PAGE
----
Yes the gains may be marginal compared to your meteoric rise through the grades but they do add up and if you get into it and calibrate yourself accordingly then you may find yourself fist pumping from smashing your deadhang PB by a kilo.

As Scragrock experienced I also didn’t get any grade/strength improvement from Lattice a long time ago though it did get me very fit and the programmes were more about energy systems back then. If you go down the coaching route (at Lattice or elsewhere) make sure it is with a coach who is more focused and experienced on bouldering/strength at the levels you aspire to. Maybe consider someone like Dave Mason (Monkey boy on here)

« Last Edit: August 11, 2022, 08:32:41 am by shark »

MischaHY

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#10 Re: Strength gains in mid 40s
August 11, 2022, 08:24:57 am
Hi folks.  Probably been asked before but what are folks thoughts about making genuine strength gains in your 40s?

I'm thinking about signing up to lattice as I've never followed a training program.  Mainly just bouldered 3 times a week. But now the only problems I've left to do in D and G are Varians 7c+s and I'm not strong enough.  Don't want to spend 24 weeks training for nowt (don't want to spend any time training,  hate it! But would stick to it if I pay for it). Is it realistic to expect more than marginal gains.. if that?

Edited to add some specifics
Age 43
Weight 83kg
Started climbing at 32 and (humblebrag) climbed 8A at 36. Was xfit from other sport and addicted quickly. Done a few more 8s since then but def not operating regularly at that level.  Def better on probs with big holds/moves as don't think ihave good finger strength. Never routinely fingerboarded, campused or system board but do have a crap board garage of my own.  I suspect I may have peaked!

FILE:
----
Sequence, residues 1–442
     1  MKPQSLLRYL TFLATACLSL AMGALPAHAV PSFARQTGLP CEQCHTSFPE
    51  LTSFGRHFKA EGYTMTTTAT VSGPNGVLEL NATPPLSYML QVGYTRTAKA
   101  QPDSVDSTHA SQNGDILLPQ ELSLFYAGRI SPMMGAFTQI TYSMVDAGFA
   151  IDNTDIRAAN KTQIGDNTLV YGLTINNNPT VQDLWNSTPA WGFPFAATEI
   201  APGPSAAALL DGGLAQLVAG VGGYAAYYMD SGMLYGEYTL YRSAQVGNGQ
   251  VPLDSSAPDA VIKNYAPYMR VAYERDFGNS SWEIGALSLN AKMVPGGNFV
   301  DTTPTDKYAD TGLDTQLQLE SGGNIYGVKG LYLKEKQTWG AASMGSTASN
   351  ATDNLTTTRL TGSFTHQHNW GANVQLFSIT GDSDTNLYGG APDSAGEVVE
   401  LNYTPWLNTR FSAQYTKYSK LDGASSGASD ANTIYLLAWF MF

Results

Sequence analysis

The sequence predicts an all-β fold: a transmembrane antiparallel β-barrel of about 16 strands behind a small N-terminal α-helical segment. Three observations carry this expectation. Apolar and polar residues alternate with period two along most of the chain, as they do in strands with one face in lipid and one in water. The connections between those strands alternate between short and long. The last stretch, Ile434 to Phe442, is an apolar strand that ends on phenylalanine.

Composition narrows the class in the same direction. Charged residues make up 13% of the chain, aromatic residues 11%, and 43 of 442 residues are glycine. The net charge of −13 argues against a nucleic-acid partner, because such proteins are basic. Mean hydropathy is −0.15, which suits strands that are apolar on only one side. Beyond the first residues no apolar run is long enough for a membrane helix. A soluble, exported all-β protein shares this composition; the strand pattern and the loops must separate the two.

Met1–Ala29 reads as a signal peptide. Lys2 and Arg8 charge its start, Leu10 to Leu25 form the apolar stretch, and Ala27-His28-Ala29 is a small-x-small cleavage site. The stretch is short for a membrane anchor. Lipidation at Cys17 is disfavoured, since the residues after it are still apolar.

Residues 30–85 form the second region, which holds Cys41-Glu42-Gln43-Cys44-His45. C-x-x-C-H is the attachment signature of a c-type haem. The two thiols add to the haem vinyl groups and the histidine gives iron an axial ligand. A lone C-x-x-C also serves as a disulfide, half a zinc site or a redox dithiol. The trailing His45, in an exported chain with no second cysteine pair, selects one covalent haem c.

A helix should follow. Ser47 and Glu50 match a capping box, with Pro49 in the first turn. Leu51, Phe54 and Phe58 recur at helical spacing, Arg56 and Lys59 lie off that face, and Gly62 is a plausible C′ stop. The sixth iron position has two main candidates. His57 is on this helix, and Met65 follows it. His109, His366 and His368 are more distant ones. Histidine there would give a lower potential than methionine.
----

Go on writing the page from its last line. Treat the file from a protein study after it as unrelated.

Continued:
My opinion on this - broadly speaking - is that you've got plenty of room to move but need to be careful how you do it.

I'm actually not of the opinion that someone in their 40's gets injured a lot more than someone in their 20's, but rather that an overall drop in pace of recovery leads to a) slower recovery from actual injury and/or b) higher potential for chronic overuse injury such as tendonitis, synovitis etc. 

With this in mind if I was writing you a training plan I would first look at your climbing/training history (even though you may not consider it 'training' - I know several people who seem to think 3hr sessions on a hard project isn't 'training') and then consider what your mid-term goals are and what dials need to shift in order to take you in that direction. Basically what it would likely come down to though is reducing overall volume for a period of time so that you could increase intensity in specific areas whilst allowing for full recovery.

For example, if the project/s require you to lock off a small edge and reach high to another small edge whilst holding body tension through bad footholds, then smashing around a load of steep blobby indoor stuff would be a total waste of recovery potential. Instead I'd be looking to get you having quality (short/intense) sessions on a 35-45 board with a good selection of edges, and maybe look at specifically conditioning the grip types you'll expect to find on the boulders you want to do. This could be full crimp, middle 2 drag, whatever. 

The main challenge here considering you're a self-admitted sport nut might be controlling the session volume in order to keep quality high and avoid getting injured. The most straightforward way of doing this is to stop a session when you notice you can no longer deliver a good effort on something fairly maximal for you - this is the point where many people drop grade and keep motoring for another hour, but stopping here instead will allow you to recover much faster and train again sooner, meaning more quality training time overall.